Book of the Week: Headliners by Lucy Parker

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How does Lucy Parker continue to deliver one fabulous book after another every year? This is her fifth book and my fifth ‘A’ for her. I read her first Act Like It in one sitting and laughed and laughed so much that my husband read it as well. He loved it — one of a rare handful of romance novels he had read. Since then, he has read every one of Parker’s books and can’t wait to dive into this one. I can’t recommend Headliners highly enough.

Two feuding work colleagues discover attraction and love. On the surface, this sounds like a common premise these days, but in Parker’s hands it turns into something memorable — an engrossing story of fascinating characters that is told in an engaging, fast-paced style and is punctuated with acerbic comments and biting witty one-liners.

For years, Sabrina Carlton and Nick Davenport have been rival presenters on the same TV network. Neither can stand the other, and the feud has involved barbs being aired about the other on their shows. The viewers have lapped it up and the numbers ratings for both shows are high.

In a moment of journalistic decision, Nick airs Sabrina’s family’s scandal on live TV just as it is breaking. It is an action that he feels justified in making in service of his viewers. Understandably, Sabrina feels hit over the head with brickbats just when she is feeling her lowest, and she is furious. The remarks they trade on their shows now take a turn for the nasty. In addition, Sabrina’s job as the headliner of a show is now on shaky grounds thanks to the scandal.

Life: just when you seemed to be heading down a path of total bullshit, the light would return, birds would sing, and your greatest professional rival would walk the social-media plank for the viewing pleasure of over one million people.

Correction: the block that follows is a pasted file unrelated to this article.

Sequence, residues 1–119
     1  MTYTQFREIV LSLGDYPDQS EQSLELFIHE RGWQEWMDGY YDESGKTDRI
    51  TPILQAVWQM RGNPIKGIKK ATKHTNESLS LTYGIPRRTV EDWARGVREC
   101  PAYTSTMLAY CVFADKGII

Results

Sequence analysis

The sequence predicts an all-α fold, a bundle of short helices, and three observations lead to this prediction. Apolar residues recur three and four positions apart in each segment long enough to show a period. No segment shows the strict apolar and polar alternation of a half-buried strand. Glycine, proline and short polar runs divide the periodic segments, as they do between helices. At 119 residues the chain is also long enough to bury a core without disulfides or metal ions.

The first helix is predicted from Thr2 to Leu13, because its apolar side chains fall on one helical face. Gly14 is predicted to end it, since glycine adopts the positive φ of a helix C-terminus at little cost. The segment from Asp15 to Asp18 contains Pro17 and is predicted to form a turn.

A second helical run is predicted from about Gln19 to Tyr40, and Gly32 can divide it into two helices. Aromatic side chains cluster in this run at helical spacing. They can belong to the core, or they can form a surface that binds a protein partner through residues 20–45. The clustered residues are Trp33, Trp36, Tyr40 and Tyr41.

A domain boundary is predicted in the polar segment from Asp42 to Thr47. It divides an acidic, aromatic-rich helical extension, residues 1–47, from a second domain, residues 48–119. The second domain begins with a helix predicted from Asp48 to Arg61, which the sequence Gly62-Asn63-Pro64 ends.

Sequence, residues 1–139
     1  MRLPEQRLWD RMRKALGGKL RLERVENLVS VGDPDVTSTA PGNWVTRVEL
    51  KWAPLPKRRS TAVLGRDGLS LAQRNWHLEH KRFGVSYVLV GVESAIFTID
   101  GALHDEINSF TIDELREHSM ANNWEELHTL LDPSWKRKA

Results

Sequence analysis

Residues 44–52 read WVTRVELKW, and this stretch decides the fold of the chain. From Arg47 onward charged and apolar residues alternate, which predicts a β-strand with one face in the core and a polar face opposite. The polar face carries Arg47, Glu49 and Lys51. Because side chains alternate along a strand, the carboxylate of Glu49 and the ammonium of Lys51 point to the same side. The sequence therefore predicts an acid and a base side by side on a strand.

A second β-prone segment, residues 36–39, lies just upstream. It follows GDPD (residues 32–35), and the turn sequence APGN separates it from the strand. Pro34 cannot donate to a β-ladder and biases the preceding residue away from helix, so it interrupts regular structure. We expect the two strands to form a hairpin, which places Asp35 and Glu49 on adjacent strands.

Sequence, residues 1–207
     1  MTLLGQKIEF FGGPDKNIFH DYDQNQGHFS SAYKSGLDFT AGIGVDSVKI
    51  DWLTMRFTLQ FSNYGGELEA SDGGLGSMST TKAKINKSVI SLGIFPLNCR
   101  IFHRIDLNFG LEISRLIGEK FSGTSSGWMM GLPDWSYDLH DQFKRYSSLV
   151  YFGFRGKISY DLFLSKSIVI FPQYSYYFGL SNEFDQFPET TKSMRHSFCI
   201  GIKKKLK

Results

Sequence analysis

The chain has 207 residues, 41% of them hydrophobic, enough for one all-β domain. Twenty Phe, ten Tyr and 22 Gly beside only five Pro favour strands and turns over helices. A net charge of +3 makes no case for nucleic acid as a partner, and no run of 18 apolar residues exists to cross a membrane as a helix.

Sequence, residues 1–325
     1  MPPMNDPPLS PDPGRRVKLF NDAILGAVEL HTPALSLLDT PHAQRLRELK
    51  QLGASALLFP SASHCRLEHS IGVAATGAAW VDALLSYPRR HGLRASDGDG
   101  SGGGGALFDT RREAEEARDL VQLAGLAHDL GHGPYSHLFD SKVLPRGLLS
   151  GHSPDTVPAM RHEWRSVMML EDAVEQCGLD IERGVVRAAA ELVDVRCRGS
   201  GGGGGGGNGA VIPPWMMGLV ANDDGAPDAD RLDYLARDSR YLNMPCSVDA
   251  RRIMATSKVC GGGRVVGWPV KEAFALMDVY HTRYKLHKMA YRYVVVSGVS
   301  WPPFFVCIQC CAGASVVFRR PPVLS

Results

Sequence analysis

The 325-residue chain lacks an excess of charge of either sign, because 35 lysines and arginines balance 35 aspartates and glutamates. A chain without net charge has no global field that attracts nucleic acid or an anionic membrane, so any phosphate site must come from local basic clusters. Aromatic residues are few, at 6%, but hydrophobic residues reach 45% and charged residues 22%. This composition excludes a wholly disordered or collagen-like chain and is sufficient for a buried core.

In a moment of stupendous lunacy, Nick airs his expletive-laden unflattering views of their network chief to an unknown, silently-recording intern who promptly puts it on the internet. Nick’s show is now toast.

The network is in a dilemma. In order to save face, the chief wants to sack both Nick and Sabrina, but their viewership gives him pause. So in a Machiavellian move, he decides to punish them while at the same time save the failing morning show — he makes Nick and Sabrina cohosts. They feel it like a punch to the gut but also lucky to have a paycheck. They accept even though they want to maim the other.  

The kicker in the new job is that they only have all of December up until Christmas Eve to make a success of the dying morning show otherwise they’re out on their rears. Viewers start tuning in to watch their animosity played in real time now that they are pitted against each other. Initially, they are disappointed at their professional amicability. But then the viewers get a whiff of romance in the air – gasp! Sabrina and Nick are caught briefly holding hands. Nothing like a budding romance between enemies to spice things up.

There is a delicious sub-plot involving a saboteur on their show resulting in turning what-they-had-hoped would be a mature professional show into a Laurel & Hardy show. Their TV viewers — and Parker’s readers – find these mishaps highly entertaining and ratings soar. Nick and Sabrina, less so, feel like the morning show is a come down in the world of journalism from hard-hitting news, so the continuous gaffes cause them to pound their heads in embarrassment and grimly band together to unmask the culprit.  

Much to their discomfort, Sabrina and Nick discover vulnerabilities in each other where before they thought the other is a hard-baked journalist who has no fucks to give. It is dizzying when the ground shifts under their years of firmly-held views, but I liked that instead of disbelieving and holding on to their past views, each is willing to give the other a second chance. For such outwardly proud adversaries, they are humble enough to acknowledge that they could be wrong about the other person.   

People make mistakes all the time, and not all mistakes are irremediable. It is easy to make a snap judgment and condemn the other person for all time, but it takes courage and maturity to see the humanity in the other person. So when Nick apologizes with sincerity and humility, instead of throwing his words back in his face, Sabrina decides to trust him and believe him. She gives him a second chance, and he appreciates what a precious gift that is, and he, in turn, returns her esteem by tuning in to her emotions and thoughts and providing succor and care.

Their movement from being on opposing sides to being on the same side isn’t instantaneous, but thoughtful and careful. But once they are on the same side, they are all-in — no misunderstandings are allowed to fester, because they always look at the other in a benevolent charitable light. This to me is the hallmark of their HEA — the ability to give the other the benefit of the doubt at all times.

It is such characterization that makes Parker’s books so memorable. And unexpected sharp humor makes these moments truly shine. Parker’s books are unforgettable.  

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